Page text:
Two years after the Ministers of Environment and Fisheries imposed a temporary ban on the use of large scale freezer trawlers in the SPF, an Expert Panel has produced a report that gives a cautious green light to fishing. The Panel found that these vessels should be managed in a precautionary, risk-based way – effectively the approach that is already used by AFMA.
The Harvest Strategy for the SPF was endorsed as being conservative against international benchmarks, consistent with best available advice on the management of small pelagic species, and provided a sufficient ecological allocation to predators and the broader ecosystem.
The Panel dispensed many myths about the fishery:
• It clearly identified that the disappearance of surface schools of jack mackerel off the east coast of Tasmania in the 1990s was caused by environmental factors not fishing, and that similar events had occurred in the 1950s and 1970s as a result of warming water temperatures.
• It confirmed that catches of SPF species would not have an impact on SBT that are wide ranging predators; and
• Confirmed that the ability of the large scale freezer vessel to stay on a school of fish and continue to fish it until it was depleted is determined by the schooling behaviour of the fish, not by the vessel being used.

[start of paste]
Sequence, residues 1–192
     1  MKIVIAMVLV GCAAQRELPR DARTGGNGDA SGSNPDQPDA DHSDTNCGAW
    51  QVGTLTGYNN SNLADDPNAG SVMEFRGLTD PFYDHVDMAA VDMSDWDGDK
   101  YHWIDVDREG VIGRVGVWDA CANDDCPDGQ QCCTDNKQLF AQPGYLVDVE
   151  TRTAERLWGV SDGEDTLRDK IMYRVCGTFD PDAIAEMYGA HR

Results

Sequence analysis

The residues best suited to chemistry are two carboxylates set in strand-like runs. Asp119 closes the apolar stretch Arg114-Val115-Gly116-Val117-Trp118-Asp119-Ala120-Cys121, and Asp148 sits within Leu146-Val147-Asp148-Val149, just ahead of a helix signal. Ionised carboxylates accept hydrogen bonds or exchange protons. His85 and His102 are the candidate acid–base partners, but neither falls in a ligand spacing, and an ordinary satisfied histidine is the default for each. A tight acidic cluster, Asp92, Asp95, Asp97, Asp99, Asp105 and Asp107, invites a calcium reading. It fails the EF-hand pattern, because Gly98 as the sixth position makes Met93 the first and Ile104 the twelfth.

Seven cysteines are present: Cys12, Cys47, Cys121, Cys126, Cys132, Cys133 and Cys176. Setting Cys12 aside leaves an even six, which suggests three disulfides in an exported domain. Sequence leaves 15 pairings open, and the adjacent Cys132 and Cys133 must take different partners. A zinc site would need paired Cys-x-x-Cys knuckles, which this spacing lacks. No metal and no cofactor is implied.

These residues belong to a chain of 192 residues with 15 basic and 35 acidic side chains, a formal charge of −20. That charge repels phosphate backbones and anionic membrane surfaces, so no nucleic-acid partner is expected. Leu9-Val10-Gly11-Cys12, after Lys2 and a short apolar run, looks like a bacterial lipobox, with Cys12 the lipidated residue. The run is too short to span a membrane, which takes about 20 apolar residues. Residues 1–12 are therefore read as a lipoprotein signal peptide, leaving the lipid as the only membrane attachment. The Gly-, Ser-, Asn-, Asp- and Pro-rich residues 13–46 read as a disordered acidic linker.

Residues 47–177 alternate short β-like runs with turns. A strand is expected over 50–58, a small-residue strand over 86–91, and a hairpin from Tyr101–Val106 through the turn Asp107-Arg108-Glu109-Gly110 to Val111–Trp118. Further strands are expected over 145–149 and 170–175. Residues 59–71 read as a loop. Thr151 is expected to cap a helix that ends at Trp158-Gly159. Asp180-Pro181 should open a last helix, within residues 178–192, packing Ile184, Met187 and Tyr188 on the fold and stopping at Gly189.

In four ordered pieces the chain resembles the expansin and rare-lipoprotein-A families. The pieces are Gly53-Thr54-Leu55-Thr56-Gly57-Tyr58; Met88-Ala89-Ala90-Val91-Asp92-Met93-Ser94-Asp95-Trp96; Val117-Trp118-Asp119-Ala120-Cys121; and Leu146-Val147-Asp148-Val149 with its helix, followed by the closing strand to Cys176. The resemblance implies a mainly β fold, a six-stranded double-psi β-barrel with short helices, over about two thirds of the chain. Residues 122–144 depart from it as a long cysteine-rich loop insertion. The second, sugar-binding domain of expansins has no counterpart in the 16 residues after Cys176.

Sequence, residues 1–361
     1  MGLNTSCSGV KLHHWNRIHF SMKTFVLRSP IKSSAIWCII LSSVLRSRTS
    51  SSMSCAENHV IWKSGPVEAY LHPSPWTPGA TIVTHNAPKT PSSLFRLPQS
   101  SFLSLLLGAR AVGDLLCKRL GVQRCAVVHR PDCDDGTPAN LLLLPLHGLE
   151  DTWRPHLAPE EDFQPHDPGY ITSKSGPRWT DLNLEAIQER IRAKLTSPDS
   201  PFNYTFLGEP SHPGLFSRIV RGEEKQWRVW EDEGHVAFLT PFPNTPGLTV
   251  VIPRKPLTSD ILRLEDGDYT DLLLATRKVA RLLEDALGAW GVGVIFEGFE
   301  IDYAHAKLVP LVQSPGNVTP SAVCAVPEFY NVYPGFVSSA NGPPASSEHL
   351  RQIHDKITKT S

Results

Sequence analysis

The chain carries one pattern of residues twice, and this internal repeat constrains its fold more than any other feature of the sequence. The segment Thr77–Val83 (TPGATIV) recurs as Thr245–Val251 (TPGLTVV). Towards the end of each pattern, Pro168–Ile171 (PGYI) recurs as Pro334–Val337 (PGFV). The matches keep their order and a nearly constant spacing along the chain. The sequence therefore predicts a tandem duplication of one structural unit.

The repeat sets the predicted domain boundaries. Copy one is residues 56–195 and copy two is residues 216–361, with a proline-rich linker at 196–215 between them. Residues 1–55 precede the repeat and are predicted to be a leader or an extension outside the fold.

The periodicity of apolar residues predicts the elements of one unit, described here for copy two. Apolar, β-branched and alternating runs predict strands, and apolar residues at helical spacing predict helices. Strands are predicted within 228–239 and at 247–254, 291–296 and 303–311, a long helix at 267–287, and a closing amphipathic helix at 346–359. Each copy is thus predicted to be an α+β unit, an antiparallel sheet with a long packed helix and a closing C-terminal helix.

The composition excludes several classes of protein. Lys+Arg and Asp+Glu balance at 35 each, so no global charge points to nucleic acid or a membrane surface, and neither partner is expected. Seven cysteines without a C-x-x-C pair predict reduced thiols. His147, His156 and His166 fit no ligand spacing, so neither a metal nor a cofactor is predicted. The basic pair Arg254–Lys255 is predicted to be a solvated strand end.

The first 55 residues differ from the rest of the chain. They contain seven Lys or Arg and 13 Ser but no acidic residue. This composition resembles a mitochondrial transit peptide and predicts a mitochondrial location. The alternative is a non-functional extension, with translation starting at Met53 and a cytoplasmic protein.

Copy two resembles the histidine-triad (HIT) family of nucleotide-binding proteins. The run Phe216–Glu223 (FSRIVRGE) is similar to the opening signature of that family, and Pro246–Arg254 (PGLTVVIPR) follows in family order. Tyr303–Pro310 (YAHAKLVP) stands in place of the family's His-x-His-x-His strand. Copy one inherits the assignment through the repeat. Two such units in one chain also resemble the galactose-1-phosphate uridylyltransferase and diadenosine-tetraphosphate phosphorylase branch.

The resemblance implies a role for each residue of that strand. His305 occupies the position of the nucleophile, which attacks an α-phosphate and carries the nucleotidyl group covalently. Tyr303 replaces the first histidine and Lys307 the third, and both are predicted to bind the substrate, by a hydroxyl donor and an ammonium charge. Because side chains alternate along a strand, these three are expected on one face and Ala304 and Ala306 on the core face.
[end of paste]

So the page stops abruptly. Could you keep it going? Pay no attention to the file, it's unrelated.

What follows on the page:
The Panel made useful suggestions for how fishing operations should be managed to help mitigate impacts on seals, dolphins and seabirds through direct interactions with the gear and through possible local depletion of their food sources. These included spatial and temporal closures around breeding colonies and forage areas, improvements to SED designs, and the use of high intensity, directional pingers.
Overall, the Panel report is a useful document that provides guidance to fisheries managers on how to design closures to protect central place foragers while endorsing AFMA’s precautionary, risk-based management approach, and created no barriers to the use of large scale freezer vessels in the fishery.